Effects of Estrogen Plus Progestin on Risk of Fracture and Bone Mineral Density: The Women's Health Initiative Randomized Trial | Geriatrics | JAMA | JAMA Network
[Skip to Navigation]
Access to paid content on this site is currently suspended due to excessive activity being detected from your IP address 34.239.150.57. Please contact the publisher to request reinstatement.
1.
Writing Group for the Women's Health Initiative Investigators.  Risks and benefits of estrogen plus progestin in healthy postmenopausal women: principal results from the Women's Health Initiative randomized controlled trial.  JAMA.2002;288:321-333.http://www.ncbi.nlm.nih.gov/htbin-post/Entrez/query?db=m&form=6&Dopt=r&uid=entrez/query.fcgi?cmd=Retrieve&db=PubMed&list_uids=12117397&dopt=AbstractGoogle Scholar
2.
Women's Health Initiative Study Group.  Design of the Women's Health Initiative clinical trial and observational study.  Control Clin Trials.1998;19:61-109.http://www.ncbi.nlm.nih.gov/htbin-post/Entrez/query?db=m&form=6&Dopt=r&uid=entrez/query.fcgi?cmd=Retrieve&db=PubMed&list_uids=9492970&dopt=AbstractGoogle Scholar
3.
Kristal AR, Shattuck AL, Williams AE. Food frequency questionnaires for diet intervention research. In: Proceedings of the 17th National Nutrient Databank Conference, June 7-10, 1992; Baltimore, Md. Washington, DC: International Life Sciences Institute Press; 1994:110-125.
4.
Ensrud KE, Palermo L, Black DM.  et al.  Hip and calcaneal bone loss increase with advancing age: longitudinal results from the study of osteoporotic fractures.  J Bone Miner Res.1995;10:1778-1787.http://www.ncbi.nlm.nih.gov/htbin-post/Entrez/query?db=m&form=6&Dopt=r&uid=entrez/query.fcgi?cmd=Retrieve&db=PubMed&list_uids=8592956&dopt=AbstractGoogle Scholar
5.
Expert Panel on the Identification, Evaluation, and Treatment of Overweight in Adults.  Clinical guidelines on the identification, evaluation, and treatment of overweight and obesity in adults: executive summary.  Am J Clin Nutr.1998;68:899-917.http://www.ncbi.nlm.nih.gov/htbin-post/Entrez/query?db=m&form=6&Dopt=r&uid=entrez/query.fcgi?cmd=Retrieve&db=PubMed&list_uids=9771869&dopt=AbstractGoogle Scholar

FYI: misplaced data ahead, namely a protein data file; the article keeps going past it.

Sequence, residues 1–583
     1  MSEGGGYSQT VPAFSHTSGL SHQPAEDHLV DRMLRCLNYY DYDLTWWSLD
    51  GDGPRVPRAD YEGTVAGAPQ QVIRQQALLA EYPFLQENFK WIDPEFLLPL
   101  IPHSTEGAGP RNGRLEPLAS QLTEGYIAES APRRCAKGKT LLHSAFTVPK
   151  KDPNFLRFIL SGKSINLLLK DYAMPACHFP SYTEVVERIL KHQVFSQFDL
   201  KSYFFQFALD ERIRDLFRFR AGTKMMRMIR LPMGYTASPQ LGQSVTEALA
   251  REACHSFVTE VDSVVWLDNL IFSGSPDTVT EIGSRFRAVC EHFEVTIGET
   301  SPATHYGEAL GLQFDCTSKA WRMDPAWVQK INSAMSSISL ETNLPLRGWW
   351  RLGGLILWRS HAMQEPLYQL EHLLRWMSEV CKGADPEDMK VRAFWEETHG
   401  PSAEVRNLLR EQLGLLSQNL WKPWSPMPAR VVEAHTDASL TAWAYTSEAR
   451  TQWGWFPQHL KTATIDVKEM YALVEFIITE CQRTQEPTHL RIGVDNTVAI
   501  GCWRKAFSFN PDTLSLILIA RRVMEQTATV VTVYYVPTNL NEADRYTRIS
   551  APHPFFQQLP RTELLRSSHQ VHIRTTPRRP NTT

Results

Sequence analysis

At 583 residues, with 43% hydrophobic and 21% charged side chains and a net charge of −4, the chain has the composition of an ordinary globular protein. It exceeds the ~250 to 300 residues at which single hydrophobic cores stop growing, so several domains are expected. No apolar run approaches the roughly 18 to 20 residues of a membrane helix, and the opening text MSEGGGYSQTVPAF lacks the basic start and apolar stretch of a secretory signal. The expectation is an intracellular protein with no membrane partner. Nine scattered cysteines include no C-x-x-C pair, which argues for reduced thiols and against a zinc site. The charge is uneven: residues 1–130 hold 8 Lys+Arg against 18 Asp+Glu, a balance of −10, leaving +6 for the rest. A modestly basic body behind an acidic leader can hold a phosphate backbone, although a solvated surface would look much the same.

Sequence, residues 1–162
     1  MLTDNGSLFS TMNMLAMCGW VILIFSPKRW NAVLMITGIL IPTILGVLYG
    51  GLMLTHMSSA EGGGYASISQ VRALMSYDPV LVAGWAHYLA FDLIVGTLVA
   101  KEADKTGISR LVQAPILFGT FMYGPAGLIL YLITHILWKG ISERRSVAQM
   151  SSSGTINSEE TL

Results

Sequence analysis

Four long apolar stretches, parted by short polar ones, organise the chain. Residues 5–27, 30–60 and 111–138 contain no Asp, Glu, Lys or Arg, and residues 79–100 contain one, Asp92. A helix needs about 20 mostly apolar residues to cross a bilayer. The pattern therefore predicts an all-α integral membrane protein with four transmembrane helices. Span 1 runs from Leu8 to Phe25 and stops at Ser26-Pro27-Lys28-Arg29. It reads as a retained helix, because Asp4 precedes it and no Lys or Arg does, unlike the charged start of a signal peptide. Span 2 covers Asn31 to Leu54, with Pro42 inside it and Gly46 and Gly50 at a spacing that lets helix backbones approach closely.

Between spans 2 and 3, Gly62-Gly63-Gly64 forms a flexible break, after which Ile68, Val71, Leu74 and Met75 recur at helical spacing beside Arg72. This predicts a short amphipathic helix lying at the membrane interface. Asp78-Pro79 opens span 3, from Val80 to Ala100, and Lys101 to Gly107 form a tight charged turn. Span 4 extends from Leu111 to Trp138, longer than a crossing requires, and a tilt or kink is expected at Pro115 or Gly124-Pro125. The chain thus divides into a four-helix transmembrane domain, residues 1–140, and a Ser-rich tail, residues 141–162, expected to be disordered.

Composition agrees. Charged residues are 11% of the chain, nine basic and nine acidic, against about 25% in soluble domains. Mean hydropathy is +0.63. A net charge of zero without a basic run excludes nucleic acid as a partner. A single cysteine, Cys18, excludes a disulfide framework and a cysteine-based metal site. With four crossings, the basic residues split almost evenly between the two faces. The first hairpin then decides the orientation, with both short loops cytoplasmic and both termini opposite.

6.
Black DM, Steinbuch M, Palermo L.  et al.  An assessment tool for predicting fracture risk in postmenopausal women.  Osteoporos Int.2001;12:519-528.http://www.ncbi.nlm.nih.gov/htbin-post/Entrez/query?db=m&form=6&Dopt=r&uid=entrez/query.fcgi?cmd=Retrieve&db=PubMed&list_uids=11527048&dopt=AbstractGoogle Scholar
7.
Kanis JA, Melton III LJ, Christiansen C, Johnston CC, Khaltaev N. The diagnosis of osteoporosis.  J Bone Miner Res.1994;9:1137-1141.http://www.ncbi.nlm.nih.gov/htbin-post/Entrez/query?db=m&form=6&Dopt=r&uid=entrez/query.fcgi?cmd=Retrieve&db=PubMed&list_uids=7976495&dopt=AbstractGoogle Scholar
8.
Handa VL, Landerman R, Hanlon JT, Harris T, Cohen HJ. Do older women use estrogen replacement? data from the Duke Established Populations for Epidemiologic Studies of the Elderly (EPESE).  J Am Geriatr Soc.1996;44:1-6.http://www.ncbi.nlm.nih.gov/htbin-post/Entrez/query?db=m&form=6&Dopt=r&uid=entrez/query.fcgi?cmd=Retrieve&db=PubMed&list_uids=8537578&dopt=AbstractGoogle Scholar
9.
Cauley JA, Seeley DG, Ensrud K, Ettinger B, Black D, Cummings SR. Estrogen replacement therapy and fractures in older women.  Ann Intern Med.1995;122:9-16.http://www.ncbi.nlm.nih.gov/htbin-post/Entrez/query?db=m&form=6&Dopt=r&uid=entrez/query.fcgi?cmd=Retrieve&db=PubMed&list_uids=7985914&dopt=AbstractGoogle Scholar